I'm so gifted with languages that I managed to decipher this sign after spending all night on an Indian train. Photo by Sara Clarke.

Similarly, I’ve always been big into the written word. I taught myself to read by the time I was four. I have amazing handwriting. The books in my apartment multiply like roaches. I spend an inordinate amount of time working on this here blog.

And yet.

I have never been able to learn to read any alphabet other than the Latin one. I sort get how Greek is supposed to work, and I can grok Cyrillic if it’s a word I already know, like Starbucks or Moscow. That’s the limit of my ability to comprehend other writing systems. This is really embarrassing. In fact, I consider it one of my great failings as a human being. There are people in India who use 4 or 5 different writing systems on a daily basis, and yet here I am with my puny repertoire of one.

The work of a genius, I tell you. Photo/illustration by Ryan Estrada.

Because of this, I’m wildly impressed with the work of illustrator Ryan Estrada. Estrada managed to explain the Korean alphabet in the form of a web comic. An entire writing system in eight panels. And one of those panels is just a big header that says LEARN TO READ KOREAN IN FIFTEEN MINUTES. This guy. I just don’t even. I think I want to marry this dude.

The past is a Yakov Smirnov joke.

1961 USSR postage stamp celebrating Yuri Gagarin's space flight. via Flickr.

I have a fascination with Soviet Russia, especially the aesthetics of the USSR from the 60’s through the fall of the Iron Curtain. Call it ostalgia if you want. I’ve always wanted to visit Russia, even nowadays when obviously most reminders of the Soviet days are long gone.

I think it comes from the mystique of the Soviet Union as “other” when I was little. I remember taking a theater workshop when I was like seven years old (yes I was always a dork) where we were given the improv prompt “what if a Russian kid moved to your town?”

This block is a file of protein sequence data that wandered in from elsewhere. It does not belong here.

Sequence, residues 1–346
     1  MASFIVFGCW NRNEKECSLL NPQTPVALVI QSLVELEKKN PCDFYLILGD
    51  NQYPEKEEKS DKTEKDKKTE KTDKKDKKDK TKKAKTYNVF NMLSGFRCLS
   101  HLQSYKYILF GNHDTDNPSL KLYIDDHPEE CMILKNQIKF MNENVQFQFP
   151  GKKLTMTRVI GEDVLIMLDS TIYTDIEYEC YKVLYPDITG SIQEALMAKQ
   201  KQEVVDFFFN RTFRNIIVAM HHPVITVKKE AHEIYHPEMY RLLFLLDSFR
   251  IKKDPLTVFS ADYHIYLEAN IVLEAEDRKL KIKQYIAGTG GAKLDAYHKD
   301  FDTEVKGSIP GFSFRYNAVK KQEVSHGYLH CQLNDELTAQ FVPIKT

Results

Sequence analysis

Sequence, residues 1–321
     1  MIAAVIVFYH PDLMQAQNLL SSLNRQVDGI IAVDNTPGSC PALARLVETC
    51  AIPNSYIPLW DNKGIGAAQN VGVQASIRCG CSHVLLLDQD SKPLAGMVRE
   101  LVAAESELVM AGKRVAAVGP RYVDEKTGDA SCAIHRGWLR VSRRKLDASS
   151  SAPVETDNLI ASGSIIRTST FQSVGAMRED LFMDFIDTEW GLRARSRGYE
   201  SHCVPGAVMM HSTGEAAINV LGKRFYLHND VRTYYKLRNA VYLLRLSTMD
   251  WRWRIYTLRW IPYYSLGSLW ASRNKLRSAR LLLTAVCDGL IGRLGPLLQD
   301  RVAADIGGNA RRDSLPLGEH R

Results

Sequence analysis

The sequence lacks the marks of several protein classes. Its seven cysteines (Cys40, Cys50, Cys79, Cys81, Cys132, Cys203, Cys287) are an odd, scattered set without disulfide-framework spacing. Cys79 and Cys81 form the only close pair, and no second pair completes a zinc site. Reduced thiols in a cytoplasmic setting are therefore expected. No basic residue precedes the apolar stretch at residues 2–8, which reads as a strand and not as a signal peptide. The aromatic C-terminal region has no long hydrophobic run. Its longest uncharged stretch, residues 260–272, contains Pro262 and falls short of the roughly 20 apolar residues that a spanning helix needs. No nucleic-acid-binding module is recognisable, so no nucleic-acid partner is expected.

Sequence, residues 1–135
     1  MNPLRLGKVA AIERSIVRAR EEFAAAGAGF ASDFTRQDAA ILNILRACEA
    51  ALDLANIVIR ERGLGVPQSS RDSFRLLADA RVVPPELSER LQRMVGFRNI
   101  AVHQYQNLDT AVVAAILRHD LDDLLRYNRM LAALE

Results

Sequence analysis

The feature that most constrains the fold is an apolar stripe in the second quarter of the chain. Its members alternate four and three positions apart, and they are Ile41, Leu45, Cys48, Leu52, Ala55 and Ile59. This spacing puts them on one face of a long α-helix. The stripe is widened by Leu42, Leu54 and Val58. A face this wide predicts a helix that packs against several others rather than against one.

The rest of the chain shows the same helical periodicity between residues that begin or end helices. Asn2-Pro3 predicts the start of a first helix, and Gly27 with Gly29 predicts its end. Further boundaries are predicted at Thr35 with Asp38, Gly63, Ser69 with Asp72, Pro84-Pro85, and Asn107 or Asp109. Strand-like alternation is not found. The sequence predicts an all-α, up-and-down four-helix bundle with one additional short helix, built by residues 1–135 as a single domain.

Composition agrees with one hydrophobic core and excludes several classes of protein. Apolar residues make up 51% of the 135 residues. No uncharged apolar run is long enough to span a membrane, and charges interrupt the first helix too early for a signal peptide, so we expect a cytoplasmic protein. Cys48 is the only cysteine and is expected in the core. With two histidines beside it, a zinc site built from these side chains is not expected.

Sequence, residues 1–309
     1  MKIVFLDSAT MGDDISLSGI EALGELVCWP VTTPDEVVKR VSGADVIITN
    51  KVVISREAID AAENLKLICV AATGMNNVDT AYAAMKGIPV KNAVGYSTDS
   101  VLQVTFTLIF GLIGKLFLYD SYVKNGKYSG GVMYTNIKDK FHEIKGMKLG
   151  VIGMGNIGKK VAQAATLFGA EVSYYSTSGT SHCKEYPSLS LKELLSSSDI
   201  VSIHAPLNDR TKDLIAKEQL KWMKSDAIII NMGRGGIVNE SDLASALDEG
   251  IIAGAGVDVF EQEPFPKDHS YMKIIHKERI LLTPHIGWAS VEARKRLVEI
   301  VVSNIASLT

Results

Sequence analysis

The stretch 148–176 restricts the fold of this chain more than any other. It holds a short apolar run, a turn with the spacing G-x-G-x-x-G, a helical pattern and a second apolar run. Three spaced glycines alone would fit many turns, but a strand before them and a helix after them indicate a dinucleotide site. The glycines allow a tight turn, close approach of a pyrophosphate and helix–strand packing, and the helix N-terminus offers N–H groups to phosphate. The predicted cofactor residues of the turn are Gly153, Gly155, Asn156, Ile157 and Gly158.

The teacher was really mad when I said I would ask him what it was like in Russia and try to become his friend.

Via Coolhunting.

Of course, now ostalgia is trendy. A museum of Soviet arcade games recently opened in Moscow.

There are also two recent books on design behind the Iron Curtain. Iron Curtain Graphics is a book of Romanian communist poster and propaganda design, while Made In Russia: Unsung Icons of Soviet Design is an exploration Russian product design.

A Krugozor cover from 1964. Via krugozor-kolobok.ru

My favorite Soviet product, though is Krugozor, a music magazine published from 1964 through 1991. It came with a flexible record, though I’m having trouble finding out exactly what was on the records. A 99% Invisible podcast episode dedicated to Krugozor claims that the records included sound effects and music, and that somehow the editors were allowed to include rock music. Which sounds weird to me because rock was apparently censored or at least stifled in the Soviet Union at the time. Then again, I’m not up on my Soviet policies on Rock n Roll through the ages — maybe it was only later issues of Krugozor that included that sort of thing, during Perestroika.

It’s really difficult to find out exactly what Krugozor was or what it included, because virtually everything I can find written about it is in Russian. This definitely adds to my fascination with it. If I could read Russian, I would probably discover that Krugozor was the Soviet equivalent of Readers’ Digest, and it would cease to be interesting.

Another Krugozor cover, this time from 1971. Same source.

Sidenote/pointless quasi-proustian reminiscence: For years, there was a Taaka Vodka billboard featuring Yakov Smirnov on Veterans’ Memorial Boulevard (AKA “Vets”, to the extent that I just had to look up the actual name of the street) in New Orleans on the way to the airport. My mother’s parents spent most of the 80’s living in Cameroon, so Driving To The Airport was always a momentous occasion. I will always ever so vaguely associate world travel, the Cold War, AIDS, terrorism, apartheid, Ronald Reagan, and Duty Free, with Taaka Vodka. For no reason other than that this billboard happened to exist and perfectly symbolize everything my five year old brain didn’t understand about the world. (I still totally don’t understand Duty Free.)